Technically speaking, no—solar will rarely, if ever, decrease the value of a home. One of the few situations where solar could cause a decrease in property value would be if they were improperly installed, causing damage to a customer’s roof or electrical wiring. However, in most cases solar companies offer warranties that cover any extra costs from damage or faulty installs. Here at Blue Raven Solar we offer a 10-year workmanship warranty and a 25-year equipment warranty, so decreasing the value of your home is a highly unlikely scenario.

 

Another rare situation where solar might make things harder for a homeowner is when selling a home. Not because the property itself is worth less—solar systems provide ample savings to anyone that owns one. But when someone tries to sell a house with a solar system they’re still paying off, they’re now trying to sell two things at once: the house AND the solar system loan.

 

Most solar buyers don’t have enough disposable income to pay for a solar system out of pocket and so they leverage financing plans that may take 10, 15, or even 25 years to pay off depending on the details of the loan.

 

Homebuyers try to avoid taking on any loan payments that are outside of their new mortgage. Depending how far along the homeowner is in their solar loan contract, there are several options available to address this issue:

 

Option 1: The best option would be to convince the prospective homebuyer to contractually take on the solar loan payments. If the buyer really loves the home, they may be willing to pay these bills to lock in ownership of the property.

Option 2: If there isn’t a buyer willing to take on the solar loan, the homeowner may have to lower their desired sale price for their home in order to compensate for solar loan payments.

Option 3: The last option would be to use the money received from the sale of the home to pay off the outstanding balance of the solar loan.

This gets more complicated when involving a leasing agreement or a PPA with another company since the homeowner has to not only sell the house, but also sell a separate agreement with the company in question. 

 

Warning:
If you’re selling your home but still have a solar loan, you may want to avoid potential buyers who will only purchase if the solar panels are removed from your home. This is the worst-case scenario, in which the homeowner will have to pay for the removal of the panels as well as continue to pay them off through their solar loan payments.

 

So, what can we learn about solar causing a decrease in the value of a property? Homeowners should have a plan before they decide to go solar: 

  • Know how long they’re going to live in their home 
  • Know how long they’re going to take to pay off their solar loan
  • Know how they’re able to save more to own their system faster 

 

Homeowners can avoid the majority of situations that would cause them to lose value on their home by going solar by making smart moves at the top of their installation with the right solar partner.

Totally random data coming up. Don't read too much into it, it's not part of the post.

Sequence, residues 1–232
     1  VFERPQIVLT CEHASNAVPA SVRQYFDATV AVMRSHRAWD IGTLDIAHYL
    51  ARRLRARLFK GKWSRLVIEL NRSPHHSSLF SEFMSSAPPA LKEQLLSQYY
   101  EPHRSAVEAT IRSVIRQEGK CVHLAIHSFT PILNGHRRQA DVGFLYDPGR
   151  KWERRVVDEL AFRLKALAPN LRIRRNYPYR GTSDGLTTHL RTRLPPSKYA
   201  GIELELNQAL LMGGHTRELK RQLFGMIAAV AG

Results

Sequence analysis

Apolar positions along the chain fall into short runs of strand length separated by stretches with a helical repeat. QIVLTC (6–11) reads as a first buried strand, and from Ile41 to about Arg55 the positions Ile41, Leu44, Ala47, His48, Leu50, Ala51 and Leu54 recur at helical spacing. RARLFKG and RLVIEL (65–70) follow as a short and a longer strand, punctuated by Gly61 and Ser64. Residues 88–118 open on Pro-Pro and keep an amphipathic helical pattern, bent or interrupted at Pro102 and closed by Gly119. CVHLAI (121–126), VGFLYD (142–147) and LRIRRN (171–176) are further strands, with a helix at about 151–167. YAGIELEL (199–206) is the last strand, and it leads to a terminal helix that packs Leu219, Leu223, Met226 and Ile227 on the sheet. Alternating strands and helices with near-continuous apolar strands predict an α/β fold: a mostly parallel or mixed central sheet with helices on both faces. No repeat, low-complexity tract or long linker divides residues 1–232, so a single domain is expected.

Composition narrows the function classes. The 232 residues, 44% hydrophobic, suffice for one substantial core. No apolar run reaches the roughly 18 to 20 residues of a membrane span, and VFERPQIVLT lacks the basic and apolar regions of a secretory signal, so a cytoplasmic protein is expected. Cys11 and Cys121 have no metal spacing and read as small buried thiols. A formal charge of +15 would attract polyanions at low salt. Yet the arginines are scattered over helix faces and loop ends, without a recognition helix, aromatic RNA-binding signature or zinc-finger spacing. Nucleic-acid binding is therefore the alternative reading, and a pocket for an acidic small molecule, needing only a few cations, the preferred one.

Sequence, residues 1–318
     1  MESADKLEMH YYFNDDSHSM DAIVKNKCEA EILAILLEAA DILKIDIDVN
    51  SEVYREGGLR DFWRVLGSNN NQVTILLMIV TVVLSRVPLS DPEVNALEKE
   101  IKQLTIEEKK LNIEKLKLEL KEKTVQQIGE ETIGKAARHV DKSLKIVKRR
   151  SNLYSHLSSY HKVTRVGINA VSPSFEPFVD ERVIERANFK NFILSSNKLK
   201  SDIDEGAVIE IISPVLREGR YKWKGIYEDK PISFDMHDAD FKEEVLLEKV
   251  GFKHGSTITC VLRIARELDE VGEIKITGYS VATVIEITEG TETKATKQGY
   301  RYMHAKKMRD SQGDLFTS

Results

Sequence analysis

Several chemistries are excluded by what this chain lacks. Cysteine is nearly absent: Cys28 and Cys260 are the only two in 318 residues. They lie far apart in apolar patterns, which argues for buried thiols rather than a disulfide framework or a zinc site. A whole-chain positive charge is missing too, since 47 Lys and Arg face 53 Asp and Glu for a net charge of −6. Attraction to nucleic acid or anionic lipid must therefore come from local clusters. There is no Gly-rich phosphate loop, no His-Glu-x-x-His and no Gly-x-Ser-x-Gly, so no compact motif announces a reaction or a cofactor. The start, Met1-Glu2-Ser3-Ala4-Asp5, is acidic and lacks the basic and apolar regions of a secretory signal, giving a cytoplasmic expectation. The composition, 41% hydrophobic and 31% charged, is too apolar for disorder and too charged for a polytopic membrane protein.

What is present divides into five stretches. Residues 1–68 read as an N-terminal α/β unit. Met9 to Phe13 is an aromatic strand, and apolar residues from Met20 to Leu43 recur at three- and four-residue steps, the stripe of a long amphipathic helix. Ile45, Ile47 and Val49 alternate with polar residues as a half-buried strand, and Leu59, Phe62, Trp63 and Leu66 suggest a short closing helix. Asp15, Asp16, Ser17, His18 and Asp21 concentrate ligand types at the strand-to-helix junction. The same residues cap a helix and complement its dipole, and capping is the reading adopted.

Does it make sense to buy solar to increase the value of my home?

The answer is yes. Solar power provides a green alternative and gives homeowners control over their power options instead of paying out a fluctuating rate to utility companies.
In most cases, solar probably shouldn’t be treated like a short-term investment. Most solar system buyers take on loans in the tens of thousands over a decade or two. However, there are dozens of other reasons that prove that solar is a great long-term investment in 2020. And aside from the generic list of federal tax credits, low prices because of high competition, local incentives, and more, Blue Raven Solar makes it so homeowners can start saving from day one of their solar journey!  

 

Contact us today to get a free solar quote to see what kind of savings you can access. Our experts and contractors will take a look at your location, your home, and your average electricity bill to see just what kind of solar system would save you the most money. We want you to trust our transparency, and so we won’t try to sell you on a system that doesn’t make sense.

 

With our BluePower Plus+ financing package, homeowners can get solar for no cost out of pocket and not pay a single penny until 18 months into their solar journey. After that, we try to make sure your monthly payments are under the average of what you were paying before. 

 

Combine that with your other options of savings, and you could theoretically put it all toward spending down your solar system payments ahead of time:

  • Extra savings from the difference between your loan payment and old electric bill
  • Extra tax incentives from federal and state programs
  • Extra earnings from potentially selling your power back to the grid (depending on your state)
  • Extra savings as the average cost of power goes up and your monthly payment stays the same.

 

If you want to make sure your solar system increases the value of your property, it’s in your best interest to pay to own. Paying to lease hands over most of the benefits to another company and paying with a PPA just means you’re buying power from a different company who could choose to raise their prices right along with the local utility company.

 

And the faster you pay down the solar system loan, the faster you start seeing months with no electric bill or payment at all. It’s all just efficient equity installed on your rooftop.

 

If you’re curious to see how much solar can increase the value of your home or save you on a month-to-month basis, click the link below and fill out your basic information in order to get on the phone with one of our solar specialists. They’ll be able to answer any of your questions about going solar and design and create a custom solar quote for your house at no charge!